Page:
Melba Bowen was a charter member of the board, and she and Jack were unflagging in the loving care of their daughter, Jana! We also were fortunate to attract Bob Dager to membership on the board, and he and Jane were equally committed to the care of their foster son, Frank Abramowitz. With Melba, Bob and myself, we had three parents of children with disabilities who understood and appreciated the need for a wide range of high quality services. It is good that we did, because our good intentions and persistence were to be sorely tested in the early years of Chariton Valley!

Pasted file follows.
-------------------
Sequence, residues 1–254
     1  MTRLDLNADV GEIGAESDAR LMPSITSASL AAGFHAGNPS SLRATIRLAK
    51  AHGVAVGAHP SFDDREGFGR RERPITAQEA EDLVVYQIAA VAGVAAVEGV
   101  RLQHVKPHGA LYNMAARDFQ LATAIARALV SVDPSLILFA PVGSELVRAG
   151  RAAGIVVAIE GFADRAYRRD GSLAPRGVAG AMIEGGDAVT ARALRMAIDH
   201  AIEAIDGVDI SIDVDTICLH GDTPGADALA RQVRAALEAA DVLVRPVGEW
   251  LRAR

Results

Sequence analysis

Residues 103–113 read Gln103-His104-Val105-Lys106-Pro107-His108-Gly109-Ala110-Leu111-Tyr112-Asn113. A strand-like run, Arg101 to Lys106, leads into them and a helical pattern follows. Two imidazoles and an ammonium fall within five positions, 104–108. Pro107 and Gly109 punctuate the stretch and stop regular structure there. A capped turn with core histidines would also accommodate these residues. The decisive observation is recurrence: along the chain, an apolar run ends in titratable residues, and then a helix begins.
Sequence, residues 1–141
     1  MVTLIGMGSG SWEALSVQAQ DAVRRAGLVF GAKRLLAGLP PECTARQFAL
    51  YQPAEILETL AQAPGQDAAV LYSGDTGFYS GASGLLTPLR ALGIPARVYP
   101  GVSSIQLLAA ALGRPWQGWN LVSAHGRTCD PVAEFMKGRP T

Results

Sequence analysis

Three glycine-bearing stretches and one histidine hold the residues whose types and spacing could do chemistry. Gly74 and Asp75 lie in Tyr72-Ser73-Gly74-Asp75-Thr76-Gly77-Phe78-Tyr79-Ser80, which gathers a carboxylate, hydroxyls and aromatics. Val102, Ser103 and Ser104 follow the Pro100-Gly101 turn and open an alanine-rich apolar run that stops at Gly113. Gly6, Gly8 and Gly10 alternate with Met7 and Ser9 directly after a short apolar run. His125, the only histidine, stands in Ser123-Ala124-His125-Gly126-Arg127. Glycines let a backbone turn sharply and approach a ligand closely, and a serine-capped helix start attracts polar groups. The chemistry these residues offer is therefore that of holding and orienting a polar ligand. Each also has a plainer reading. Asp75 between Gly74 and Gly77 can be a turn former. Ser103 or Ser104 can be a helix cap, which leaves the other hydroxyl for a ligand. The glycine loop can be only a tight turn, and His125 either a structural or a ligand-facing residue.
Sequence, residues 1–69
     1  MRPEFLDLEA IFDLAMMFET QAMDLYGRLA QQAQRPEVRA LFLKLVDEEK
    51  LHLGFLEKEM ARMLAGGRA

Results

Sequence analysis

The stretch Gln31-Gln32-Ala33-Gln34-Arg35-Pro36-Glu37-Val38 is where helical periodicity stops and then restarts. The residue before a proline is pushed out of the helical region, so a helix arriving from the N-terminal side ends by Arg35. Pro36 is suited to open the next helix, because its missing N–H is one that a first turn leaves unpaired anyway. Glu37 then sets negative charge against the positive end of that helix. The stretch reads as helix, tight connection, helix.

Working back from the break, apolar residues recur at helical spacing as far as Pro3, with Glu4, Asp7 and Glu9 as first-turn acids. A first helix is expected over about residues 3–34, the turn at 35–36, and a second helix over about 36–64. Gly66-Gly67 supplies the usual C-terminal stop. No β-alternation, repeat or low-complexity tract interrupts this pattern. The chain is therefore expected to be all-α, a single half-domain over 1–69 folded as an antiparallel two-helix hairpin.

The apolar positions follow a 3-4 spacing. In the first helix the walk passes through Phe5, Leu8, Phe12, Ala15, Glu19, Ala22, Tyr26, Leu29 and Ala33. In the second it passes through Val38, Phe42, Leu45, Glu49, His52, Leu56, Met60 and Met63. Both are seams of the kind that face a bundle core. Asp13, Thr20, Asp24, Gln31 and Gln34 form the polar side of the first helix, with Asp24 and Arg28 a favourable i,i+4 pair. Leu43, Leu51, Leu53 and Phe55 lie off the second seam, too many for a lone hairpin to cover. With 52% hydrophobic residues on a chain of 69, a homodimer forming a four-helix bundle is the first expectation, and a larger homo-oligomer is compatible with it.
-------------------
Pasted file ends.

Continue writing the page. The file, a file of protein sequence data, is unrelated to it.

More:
Following establishment of the first program, we worked for two years to find the means to construct and operate a residential facility for children with MR/DD, and we did not succeed! But the silver lining in the cloud is that our efforts were appreciated by the Kirksville Regional Center, and it offered the former residential wing of the KRC building on LaHarpe Street as a location for the needed residential facility, which we named the Chariton Valley Residential Center. My son, Kurt, and three other children were the first residents when the facility opened on January 1, 1985, and the number was increased to eight residents during the first year.